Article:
Carrying out a content audit is like any other marketing activity: it’s much more likely to create a great outcome if you have spent time creating a plan.

To be fair, content audits aren’t hard. However, unless you have only recently started creating content, you’re going to find there’s a lot of content to sift through and as such, there is a considerable time investment involved.

When creating the plan, you will need to consider the following:


There is no escaping from the fact that content audits are time consuming. Exactly how much time is involved depends on the scope of the audit. Whoever you choose to carry out the content audit will need a clear brief, shared access to a tool, achievable deadlines and an understanding of your target audiences and their sectors so that they can assess your content correctly. Arguably, they don’t really need to understand why the content was created or any results it achieved as that will all be covered off within the audit itself.

There is a lot to be said for engaging a third party agency or freelancer to carry out the audit on your behalf. The perspective they can bring can help create an objective content audit that is more likely to meet your objectives. Of course, this also minimises the impact on your own team’s day jobs.

We have two preferred partners we can recommend:


Whoever is carrying out the content audit will need a clear brief. This is especially important if more than on person is going to be carrying out the audit. The brief should cover the following:

The final point is probably the most tricky as certain elements of content auditing can be subjective if there are not predetermined rules or guidelines in place. For example, where does a piece of content (such as a case study) sit within the customer journey? How many customer needs to tag to a content item? Which personas does the content relate to? Setting these ground rules upfront and providing clear guidance will ensure consistency throughout the audit regardless of how many people are carrying out the audit and over any given period of time.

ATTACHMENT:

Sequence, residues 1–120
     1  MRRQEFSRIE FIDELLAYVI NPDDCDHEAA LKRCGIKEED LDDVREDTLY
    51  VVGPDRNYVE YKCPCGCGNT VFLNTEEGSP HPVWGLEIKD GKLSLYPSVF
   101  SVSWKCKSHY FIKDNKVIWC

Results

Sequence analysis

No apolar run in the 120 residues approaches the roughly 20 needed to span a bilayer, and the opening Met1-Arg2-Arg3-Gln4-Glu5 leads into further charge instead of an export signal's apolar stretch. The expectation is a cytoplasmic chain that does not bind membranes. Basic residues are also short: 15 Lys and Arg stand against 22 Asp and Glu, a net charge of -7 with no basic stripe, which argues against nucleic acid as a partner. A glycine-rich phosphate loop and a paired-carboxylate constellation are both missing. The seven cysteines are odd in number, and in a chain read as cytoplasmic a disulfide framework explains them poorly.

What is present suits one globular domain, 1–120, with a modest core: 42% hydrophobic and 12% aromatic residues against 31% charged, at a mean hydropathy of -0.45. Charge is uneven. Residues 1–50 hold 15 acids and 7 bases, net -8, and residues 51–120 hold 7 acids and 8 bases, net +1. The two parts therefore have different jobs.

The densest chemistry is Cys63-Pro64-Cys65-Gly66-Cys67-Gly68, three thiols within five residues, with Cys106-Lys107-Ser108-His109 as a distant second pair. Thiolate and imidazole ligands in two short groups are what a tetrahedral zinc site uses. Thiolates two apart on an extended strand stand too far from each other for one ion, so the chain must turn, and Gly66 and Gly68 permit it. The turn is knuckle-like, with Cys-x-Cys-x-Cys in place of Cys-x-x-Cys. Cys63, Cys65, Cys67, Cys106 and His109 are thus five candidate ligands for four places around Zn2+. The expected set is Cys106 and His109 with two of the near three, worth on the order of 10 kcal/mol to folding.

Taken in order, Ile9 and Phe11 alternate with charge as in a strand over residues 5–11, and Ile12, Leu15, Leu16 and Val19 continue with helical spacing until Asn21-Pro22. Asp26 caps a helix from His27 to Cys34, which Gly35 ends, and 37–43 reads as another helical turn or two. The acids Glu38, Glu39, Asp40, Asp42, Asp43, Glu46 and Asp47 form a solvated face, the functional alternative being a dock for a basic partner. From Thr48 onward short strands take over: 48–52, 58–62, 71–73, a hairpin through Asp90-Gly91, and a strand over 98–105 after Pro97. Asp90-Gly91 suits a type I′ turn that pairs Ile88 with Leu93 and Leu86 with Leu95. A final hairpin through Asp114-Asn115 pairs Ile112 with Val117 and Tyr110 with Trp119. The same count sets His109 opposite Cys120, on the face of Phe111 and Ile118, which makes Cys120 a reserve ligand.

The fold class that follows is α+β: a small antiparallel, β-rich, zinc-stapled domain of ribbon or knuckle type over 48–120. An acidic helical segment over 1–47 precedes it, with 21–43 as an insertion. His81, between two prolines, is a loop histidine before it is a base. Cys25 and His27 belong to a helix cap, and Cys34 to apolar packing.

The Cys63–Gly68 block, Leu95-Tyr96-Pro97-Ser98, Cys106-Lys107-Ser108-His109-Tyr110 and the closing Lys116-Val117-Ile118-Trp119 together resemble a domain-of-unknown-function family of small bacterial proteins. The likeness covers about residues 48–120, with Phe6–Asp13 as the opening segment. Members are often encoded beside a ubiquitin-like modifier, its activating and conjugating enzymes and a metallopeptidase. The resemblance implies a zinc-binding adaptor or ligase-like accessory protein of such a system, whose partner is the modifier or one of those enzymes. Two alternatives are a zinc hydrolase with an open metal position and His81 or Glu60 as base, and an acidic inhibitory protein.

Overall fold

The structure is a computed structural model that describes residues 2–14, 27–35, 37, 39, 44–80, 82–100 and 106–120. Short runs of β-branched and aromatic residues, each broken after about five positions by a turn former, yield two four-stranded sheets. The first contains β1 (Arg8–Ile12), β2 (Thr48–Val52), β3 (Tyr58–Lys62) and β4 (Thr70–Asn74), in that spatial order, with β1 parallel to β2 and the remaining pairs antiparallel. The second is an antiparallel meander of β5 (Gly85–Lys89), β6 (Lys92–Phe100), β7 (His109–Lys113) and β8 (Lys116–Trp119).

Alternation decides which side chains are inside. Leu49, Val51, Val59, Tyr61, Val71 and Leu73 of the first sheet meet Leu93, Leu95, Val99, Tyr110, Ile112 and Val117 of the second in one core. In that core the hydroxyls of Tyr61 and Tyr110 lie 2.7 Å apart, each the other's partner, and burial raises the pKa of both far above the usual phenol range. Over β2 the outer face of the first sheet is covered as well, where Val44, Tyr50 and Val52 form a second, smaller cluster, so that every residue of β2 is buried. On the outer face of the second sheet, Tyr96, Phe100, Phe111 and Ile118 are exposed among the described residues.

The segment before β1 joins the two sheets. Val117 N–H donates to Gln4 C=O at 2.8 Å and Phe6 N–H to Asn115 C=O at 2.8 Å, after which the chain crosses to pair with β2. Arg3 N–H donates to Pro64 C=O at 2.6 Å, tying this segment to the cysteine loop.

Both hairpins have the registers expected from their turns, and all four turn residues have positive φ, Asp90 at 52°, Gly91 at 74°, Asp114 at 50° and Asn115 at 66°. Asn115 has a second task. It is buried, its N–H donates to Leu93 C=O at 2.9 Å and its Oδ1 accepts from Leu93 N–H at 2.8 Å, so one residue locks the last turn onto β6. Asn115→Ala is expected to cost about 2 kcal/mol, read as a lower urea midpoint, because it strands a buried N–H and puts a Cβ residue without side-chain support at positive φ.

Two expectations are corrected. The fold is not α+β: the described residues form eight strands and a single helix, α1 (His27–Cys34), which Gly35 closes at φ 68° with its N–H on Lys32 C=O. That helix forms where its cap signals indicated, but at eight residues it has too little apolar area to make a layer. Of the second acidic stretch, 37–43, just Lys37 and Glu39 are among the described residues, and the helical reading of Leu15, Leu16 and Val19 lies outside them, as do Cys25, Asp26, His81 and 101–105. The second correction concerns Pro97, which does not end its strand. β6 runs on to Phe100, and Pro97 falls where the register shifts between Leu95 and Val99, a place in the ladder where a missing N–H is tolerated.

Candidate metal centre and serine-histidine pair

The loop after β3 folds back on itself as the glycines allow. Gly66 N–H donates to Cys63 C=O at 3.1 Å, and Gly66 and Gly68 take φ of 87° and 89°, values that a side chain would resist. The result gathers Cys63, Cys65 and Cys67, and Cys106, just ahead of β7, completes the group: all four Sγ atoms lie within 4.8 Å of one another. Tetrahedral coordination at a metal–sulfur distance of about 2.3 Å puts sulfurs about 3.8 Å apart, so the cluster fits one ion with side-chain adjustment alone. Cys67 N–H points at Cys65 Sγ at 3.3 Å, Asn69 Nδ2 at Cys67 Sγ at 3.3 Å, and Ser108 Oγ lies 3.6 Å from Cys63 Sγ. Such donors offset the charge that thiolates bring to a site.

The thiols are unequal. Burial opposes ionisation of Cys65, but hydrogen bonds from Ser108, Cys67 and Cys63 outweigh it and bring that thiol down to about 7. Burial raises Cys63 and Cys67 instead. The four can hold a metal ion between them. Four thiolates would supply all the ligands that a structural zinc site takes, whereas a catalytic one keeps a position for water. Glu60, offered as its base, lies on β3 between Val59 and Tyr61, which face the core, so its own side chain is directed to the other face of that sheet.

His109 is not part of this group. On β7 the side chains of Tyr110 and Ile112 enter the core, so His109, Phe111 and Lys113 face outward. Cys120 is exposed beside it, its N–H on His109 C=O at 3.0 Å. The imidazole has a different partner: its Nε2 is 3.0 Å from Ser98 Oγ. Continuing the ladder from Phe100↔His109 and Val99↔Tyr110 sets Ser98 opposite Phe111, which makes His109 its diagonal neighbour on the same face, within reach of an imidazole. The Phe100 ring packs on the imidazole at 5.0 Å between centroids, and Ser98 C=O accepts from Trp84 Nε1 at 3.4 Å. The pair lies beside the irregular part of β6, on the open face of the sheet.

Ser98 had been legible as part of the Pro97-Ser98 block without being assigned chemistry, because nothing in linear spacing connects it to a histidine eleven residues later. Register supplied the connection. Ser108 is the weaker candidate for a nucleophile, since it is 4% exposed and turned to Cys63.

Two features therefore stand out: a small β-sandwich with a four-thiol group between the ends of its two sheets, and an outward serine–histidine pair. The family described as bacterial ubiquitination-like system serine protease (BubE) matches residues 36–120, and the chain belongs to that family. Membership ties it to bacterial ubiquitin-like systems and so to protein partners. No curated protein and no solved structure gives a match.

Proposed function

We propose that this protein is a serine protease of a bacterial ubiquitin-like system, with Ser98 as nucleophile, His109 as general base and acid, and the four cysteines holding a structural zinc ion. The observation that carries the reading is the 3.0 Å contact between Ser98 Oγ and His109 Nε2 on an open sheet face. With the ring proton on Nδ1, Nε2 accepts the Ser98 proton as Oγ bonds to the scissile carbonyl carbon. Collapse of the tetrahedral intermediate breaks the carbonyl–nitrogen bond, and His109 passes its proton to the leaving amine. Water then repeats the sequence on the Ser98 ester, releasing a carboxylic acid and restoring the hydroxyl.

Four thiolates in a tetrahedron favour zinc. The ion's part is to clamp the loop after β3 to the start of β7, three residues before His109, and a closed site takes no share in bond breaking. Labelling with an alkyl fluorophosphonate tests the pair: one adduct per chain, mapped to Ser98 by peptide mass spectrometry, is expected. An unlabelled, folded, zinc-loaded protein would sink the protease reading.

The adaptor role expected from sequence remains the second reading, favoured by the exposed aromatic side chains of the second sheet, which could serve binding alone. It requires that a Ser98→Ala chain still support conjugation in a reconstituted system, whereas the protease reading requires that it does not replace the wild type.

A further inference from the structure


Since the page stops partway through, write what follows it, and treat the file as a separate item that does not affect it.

It’s vital that the content audit is carried out in a consistent manner now and for any future audits. Most content audits are recorded using Excel spreadsheets. While this allows any business to create a basic list with some core parameters, there are some significant shortcomings.

To find out more, read this article.

Odyssiant is a free content journey platform that allows you to capture, visualise and act upon a content audit. Users can upload all content into the Odyssiant content library, capturing all core details including any url links. As part of this upload, users can place the content on a journey map, specify audience personas and tag all customer needs. This allows users to clearly see the gaps in the customer journey.

To find out more, read this article.


Content audits take time to complete. However, if deadlines aren’t set they can also drag on and risk never being completed. 

Our recommendation is to break the audit down into chunks – e.g. by sector / product. Set deadlines for each of those chunks and be really clear about what your priorities are so that you can start acting off the content audit as soon as possible even if there is more work to do.

What we have found is that when content marketers start seeing the outputs from the audit, this stimulates the completion of the rest of the audit as the analysis improves their planning.


Most plans start with objectives at the beginning but we’re ending this list by talking about objectives because at first glance, setting the objectives of a content audit might seem really obvious. 

At Odyssiant, we are advocates for content audits that go beyond the basics of telling you ‘what you’ve got’ and instead inform you of what you need to create in order to maximise your opportunity to engage and sell. And to engage and sell through content, you need your content to be connected together to serve the customer’s end-to-end journey.

On that basis, your objectives for your content audit could extend to:

  • Whether you are fully supporting your business opportunities
  • Where the gaps are in the customer journey
  • Which audiences are served well / poorly
  • Whether you are supporting the priority customer needs
  • Hygiene factors such as content performance and treatment of aged content
  • Informing the content plan

All of these points are explored in greater depth in this article.